The people who are handling our waste today lack basic protective garments while sifting through the worst kind of trash. They probably live hellish lives routinely exposed to contamination, freak cuts due to glass or sharp objects, inhalation of noxious fumes, poisoning or even chemical burns. These wastes harm the bodies through skin interaction (due to bare hands), inhalation or even ingestion in some instances. There is a need for proper garments, protective covering, gloves and masks etc. for the handlers, rightly labeled vehicles and containers for transporting and shipping wastes and primary health instructions to tackle any emergency.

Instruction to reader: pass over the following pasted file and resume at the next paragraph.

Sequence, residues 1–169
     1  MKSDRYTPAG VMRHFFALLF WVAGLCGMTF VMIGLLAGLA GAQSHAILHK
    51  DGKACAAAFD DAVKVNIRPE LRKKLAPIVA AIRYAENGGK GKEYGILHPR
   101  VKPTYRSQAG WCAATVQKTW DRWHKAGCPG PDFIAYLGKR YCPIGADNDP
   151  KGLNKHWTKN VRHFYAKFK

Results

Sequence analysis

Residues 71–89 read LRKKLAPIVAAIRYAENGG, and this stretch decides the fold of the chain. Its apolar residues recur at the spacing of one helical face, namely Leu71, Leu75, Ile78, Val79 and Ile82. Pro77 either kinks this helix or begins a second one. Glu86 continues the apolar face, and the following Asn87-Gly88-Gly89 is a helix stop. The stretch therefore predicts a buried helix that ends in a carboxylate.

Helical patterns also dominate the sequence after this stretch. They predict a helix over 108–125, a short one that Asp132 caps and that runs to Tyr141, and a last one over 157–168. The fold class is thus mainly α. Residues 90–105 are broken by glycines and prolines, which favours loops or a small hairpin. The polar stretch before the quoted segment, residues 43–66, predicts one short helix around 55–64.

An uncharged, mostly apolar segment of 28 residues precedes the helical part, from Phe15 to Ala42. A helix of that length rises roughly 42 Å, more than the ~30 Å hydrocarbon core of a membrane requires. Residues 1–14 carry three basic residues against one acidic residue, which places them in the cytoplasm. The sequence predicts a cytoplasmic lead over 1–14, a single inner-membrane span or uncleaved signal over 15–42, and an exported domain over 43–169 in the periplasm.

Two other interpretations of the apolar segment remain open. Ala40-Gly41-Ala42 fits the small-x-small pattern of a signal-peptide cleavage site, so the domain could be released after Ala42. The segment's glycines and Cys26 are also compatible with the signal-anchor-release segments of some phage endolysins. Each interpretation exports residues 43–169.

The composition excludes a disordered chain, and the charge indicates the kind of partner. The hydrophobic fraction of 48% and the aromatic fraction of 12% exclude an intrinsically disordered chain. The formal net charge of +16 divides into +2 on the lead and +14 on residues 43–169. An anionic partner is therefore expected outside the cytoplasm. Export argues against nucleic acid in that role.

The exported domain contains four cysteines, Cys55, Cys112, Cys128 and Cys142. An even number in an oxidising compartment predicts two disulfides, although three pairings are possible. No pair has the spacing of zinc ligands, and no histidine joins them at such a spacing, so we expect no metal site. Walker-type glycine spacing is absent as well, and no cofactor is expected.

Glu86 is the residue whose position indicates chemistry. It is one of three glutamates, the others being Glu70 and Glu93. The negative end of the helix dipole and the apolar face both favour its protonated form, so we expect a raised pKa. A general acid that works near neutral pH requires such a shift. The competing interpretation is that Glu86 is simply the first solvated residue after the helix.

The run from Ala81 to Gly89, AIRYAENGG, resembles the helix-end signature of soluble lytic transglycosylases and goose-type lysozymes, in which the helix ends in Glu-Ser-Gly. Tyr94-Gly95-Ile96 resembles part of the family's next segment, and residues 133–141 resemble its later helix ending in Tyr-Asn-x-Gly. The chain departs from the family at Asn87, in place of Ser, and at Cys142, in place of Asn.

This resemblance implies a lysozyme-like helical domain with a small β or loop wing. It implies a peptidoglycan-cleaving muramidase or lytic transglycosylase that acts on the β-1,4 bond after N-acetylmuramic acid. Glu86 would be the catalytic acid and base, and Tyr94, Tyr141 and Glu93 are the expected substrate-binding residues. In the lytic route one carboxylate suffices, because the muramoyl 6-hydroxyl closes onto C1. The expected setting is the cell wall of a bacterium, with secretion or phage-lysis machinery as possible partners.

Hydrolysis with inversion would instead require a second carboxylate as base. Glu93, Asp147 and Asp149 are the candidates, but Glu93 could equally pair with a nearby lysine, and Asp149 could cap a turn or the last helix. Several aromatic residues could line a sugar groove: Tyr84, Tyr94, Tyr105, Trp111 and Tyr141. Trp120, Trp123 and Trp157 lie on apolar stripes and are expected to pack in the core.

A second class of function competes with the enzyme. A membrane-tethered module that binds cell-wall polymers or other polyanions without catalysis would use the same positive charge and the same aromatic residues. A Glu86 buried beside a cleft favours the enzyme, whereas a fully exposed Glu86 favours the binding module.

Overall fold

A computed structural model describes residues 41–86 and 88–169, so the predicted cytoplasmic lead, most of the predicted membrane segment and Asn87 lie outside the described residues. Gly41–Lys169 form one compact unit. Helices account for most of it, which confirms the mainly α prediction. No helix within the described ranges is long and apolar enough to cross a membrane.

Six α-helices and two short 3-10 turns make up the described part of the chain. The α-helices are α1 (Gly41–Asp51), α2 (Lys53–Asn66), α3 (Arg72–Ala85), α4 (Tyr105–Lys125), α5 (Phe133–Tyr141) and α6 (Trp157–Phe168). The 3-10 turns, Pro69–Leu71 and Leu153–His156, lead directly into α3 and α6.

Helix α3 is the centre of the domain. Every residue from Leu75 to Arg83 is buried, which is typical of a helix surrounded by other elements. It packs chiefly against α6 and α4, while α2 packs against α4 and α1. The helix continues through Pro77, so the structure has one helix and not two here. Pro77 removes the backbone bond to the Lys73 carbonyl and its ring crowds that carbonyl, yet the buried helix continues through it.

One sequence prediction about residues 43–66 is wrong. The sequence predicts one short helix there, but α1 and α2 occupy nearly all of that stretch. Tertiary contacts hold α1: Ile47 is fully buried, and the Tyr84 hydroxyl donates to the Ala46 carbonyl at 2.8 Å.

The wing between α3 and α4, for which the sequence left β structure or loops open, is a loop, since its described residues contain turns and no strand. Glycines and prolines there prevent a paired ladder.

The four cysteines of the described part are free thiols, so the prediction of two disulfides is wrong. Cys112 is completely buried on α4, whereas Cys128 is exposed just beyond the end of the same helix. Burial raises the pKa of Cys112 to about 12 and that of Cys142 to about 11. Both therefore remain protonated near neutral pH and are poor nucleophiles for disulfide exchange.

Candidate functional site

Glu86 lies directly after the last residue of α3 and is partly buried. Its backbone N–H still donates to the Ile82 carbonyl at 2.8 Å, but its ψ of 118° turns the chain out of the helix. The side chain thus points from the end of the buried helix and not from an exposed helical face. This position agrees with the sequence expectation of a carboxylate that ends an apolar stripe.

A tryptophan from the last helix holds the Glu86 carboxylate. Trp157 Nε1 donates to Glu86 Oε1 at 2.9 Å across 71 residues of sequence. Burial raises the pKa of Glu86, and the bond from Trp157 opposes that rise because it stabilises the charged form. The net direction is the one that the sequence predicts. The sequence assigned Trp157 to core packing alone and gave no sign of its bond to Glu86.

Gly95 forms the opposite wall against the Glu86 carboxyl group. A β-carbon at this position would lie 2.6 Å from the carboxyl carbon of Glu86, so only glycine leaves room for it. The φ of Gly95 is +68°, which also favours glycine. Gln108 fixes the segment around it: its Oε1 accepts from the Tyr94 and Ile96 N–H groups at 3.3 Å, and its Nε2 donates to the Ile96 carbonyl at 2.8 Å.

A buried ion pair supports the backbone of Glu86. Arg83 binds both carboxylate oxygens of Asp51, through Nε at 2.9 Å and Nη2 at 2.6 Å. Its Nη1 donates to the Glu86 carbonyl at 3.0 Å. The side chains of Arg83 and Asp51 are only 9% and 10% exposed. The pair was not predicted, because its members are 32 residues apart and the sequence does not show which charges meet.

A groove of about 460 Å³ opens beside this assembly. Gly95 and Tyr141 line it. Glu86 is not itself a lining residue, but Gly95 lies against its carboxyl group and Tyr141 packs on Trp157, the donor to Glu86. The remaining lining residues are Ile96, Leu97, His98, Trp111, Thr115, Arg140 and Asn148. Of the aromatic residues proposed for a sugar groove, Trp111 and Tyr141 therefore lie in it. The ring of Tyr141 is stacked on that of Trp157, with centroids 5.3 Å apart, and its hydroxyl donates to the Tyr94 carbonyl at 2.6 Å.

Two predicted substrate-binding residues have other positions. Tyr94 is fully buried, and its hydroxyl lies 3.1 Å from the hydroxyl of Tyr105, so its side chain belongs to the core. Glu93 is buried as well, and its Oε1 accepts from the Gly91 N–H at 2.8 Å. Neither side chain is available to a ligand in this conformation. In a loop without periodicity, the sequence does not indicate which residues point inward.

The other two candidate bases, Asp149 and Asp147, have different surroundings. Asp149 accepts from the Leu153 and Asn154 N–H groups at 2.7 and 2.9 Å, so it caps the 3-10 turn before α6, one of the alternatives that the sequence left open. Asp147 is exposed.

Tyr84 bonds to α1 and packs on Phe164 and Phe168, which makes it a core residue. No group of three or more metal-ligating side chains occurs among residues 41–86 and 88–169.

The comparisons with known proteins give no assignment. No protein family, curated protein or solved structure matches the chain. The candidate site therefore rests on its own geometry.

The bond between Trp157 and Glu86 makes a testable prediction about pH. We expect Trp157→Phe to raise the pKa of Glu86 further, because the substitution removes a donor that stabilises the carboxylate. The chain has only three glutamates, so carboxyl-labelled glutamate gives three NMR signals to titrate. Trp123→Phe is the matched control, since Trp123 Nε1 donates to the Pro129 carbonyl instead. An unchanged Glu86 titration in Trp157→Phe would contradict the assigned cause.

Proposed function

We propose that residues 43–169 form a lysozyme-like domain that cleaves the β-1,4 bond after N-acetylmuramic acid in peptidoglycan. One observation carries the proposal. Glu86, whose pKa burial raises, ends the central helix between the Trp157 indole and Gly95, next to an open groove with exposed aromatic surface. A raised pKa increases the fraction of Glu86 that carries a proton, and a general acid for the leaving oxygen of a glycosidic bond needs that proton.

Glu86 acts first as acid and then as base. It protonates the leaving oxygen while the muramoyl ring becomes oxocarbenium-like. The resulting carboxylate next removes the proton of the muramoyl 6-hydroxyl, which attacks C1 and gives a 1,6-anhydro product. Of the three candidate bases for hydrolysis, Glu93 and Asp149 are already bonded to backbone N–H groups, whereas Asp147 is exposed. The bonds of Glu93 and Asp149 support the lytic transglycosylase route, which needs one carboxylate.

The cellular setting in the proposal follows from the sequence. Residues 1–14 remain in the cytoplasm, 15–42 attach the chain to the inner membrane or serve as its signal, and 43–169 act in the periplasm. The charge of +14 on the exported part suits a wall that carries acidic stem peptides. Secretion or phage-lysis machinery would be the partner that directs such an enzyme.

With the growing proportion of waste, the informal sector will not be able to manage it. Effluent treatment, hazardous water and sewage that cities are producing today need extremely efficient handling. There is huge scope of employment in the waste business but the job has to be honorable and humane.
The quest for waste management, handling and treatment has to start from generating awareness and compliance at each stage where waste is produced. If we have lax systems, we will become the world’s dumping ground. It is time to face a challenge and turn it into a lucrative opportunity.